THE BLOG

Pre-election Poll Methodology: What the Public Has a Right to Know

The following piece is part of an ongoing series of OffTheBus reports by citizen policy experts critiquing different aspects of Campaign 08. The author is president of the American Association for Public Opinion Research (AAAPOR).

The buzz over the recent Zogby online poll that finds Senator Hillary Clinton losing to all four top Republicans in head-to-head trial heats reinforces the public's right to know and understand and the media's obligation to report the nuances of survey and polling methodology.

But what exactly should we be asking when we look at these poll results? Both the American Association for Public Opinion Research (AAPOR) and the National Council on Public Polls (NCPP) offer a list of questions for journalists to ask when reporting on polls. Consumers of election polls should be asking the same questions. One question is particularly relevant to the current debate: What population is (who are the people) represented by the poll?

In the case of an online panel survey (like Zogby's) only those individuals who have previously joined the panel have an opportunity to be surveyed. As noted in their methodology, "Zogby has assembled a database of individuals who have registered to take part in online polls through solicitations on the company's Web site, as well as other Web sites that span the political spectrum." From this pre-registered group, a random sample is selected. So what's the population that is actually represented by the poll that was recently reported by Reuters and others? The answer: those individuals who have identified themselves previously and registered to be part of the panel.

We know from the past (the 1936 Literary Digest presidential poll being the most famous) that even samples that are selected at random can be hopelessly flawed if respondents are selected from a source that does not represent the population of interest. (See here on random sampling and here for more information about sampling and why it works).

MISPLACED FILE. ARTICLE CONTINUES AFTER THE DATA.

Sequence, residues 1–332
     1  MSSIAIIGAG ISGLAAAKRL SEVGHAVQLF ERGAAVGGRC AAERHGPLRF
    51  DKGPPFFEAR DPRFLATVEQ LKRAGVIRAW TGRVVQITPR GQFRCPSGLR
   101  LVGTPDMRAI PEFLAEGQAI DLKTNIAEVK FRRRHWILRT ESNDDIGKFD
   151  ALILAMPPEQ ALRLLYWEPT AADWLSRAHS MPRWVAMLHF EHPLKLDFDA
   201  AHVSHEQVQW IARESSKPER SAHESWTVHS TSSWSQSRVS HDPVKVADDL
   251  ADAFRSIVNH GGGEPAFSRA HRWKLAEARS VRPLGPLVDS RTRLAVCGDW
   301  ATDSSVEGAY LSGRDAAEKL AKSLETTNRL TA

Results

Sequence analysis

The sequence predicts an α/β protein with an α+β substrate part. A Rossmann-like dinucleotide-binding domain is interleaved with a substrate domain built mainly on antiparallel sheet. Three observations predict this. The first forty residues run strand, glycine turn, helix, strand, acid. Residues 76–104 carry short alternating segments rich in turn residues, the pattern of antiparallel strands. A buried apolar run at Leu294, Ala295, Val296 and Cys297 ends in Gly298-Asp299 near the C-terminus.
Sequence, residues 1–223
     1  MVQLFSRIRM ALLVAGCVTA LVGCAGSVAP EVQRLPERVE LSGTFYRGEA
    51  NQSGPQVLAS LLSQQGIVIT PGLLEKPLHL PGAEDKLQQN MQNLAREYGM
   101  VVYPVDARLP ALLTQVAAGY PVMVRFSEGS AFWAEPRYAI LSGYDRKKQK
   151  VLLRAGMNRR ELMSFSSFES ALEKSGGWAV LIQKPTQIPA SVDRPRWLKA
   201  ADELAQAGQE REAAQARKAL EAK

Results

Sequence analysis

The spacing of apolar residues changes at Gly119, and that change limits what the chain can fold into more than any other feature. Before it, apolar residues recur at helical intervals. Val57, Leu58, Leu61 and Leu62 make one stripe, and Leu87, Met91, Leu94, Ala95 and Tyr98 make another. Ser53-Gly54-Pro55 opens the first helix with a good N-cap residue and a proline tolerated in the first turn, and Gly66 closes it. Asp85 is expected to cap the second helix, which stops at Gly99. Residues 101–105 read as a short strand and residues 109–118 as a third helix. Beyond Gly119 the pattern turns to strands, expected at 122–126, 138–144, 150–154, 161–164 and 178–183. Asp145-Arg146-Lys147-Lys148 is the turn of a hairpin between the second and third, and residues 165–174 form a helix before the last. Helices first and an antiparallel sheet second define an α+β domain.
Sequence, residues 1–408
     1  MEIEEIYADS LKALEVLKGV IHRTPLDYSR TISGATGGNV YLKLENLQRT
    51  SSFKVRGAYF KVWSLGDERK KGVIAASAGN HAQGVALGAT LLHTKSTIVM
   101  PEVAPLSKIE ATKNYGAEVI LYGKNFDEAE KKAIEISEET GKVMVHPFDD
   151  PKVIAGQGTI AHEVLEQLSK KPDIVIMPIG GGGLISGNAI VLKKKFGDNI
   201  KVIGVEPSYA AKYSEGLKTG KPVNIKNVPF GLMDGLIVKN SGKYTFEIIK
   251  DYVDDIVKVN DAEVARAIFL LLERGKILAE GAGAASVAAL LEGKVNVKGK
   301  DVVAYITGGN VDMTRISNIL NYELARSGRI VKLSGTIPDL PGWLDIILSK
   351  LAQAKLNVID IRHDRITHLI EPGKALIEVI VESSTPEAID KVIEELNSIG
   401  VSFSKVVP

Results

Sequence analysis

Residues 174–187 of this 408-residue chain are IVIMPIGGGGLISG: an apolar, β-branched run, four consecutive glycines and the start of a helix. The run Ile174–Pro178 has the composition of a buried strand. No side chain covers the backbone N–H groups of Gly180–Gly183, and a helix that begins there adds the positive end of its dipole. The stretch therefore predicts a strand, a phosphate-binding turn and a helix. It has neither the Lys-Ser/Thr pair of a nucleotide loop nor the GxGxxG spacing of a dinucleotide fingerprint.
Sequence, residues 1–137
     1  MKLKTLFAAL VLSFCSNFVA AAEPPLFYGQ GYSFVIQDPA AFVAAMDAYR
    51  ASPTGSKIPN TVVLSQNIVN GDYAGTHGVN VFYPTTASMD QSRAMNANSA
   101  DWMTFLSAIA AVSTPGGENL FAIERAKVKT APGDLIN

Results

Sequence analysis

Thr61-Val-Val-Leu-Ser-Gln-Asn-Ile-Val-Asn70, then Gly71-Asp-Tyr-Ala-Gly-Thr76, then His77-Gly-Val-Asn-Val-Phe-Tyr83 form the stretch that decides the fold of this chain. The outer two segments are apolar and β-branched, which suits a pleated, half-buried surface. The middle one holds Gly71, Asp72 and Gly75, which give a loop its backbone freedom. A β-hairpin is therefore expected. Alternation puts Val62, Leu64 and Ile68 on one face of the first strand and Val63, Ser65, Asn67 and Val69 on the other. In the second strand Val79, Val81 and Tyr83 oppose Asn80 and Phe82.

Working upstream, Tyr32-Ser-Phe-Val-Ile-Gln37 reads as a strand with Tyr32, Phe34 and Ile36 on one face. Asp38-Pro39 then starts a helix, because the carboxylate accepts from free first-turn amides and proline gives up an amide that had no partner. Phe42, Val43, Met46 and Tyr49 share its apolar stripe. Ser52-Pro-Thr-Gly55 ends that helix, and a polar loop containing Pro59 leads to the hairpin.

Telephone surveys are not immune to this problem (albeit for a different reason). Most telephone surveys only include land-based telephone lines, although a growing body of research has been investigating the impact of including or excluding cell phone numbers as part of the sample. Here too we can ask the question "what population is represented?" If only land-based telephone lines are included in a telephone poll, then the answer to the question is those individuals who live in residences that include a land-based telephone line. As the cell-phone-only population grows this becomes an increasingly important question to ask.

There is no one right way or wrong way to conduct pre-election polls. What all of us need to be mindful of during the primary season is that polls vary in quality--and without the disclosure of detailed methodology about the survey neither journalists nor consumers have the ability to evaluate them. Zogby in their press release does indicate that the poll of interest was an online poll--what was lost in the hype was the disclosure of that information as part of the reporting of the poll. AAPOR advocates disclosure of methodological details for all surveys and polls that are part of the public domain, and the association strongly supports the Disclosure Project of Pollster.com, an independent source that has explicitly taken on the task of soliciting this information from all pollsters and making them easily available. The Internet has rendered moot the excuse that methodological details cannot be provided due to limited space and airtime.

Disclosure Note: Mark Blumenthal, aka Pollster.com is a member of the AAPOR Executive Council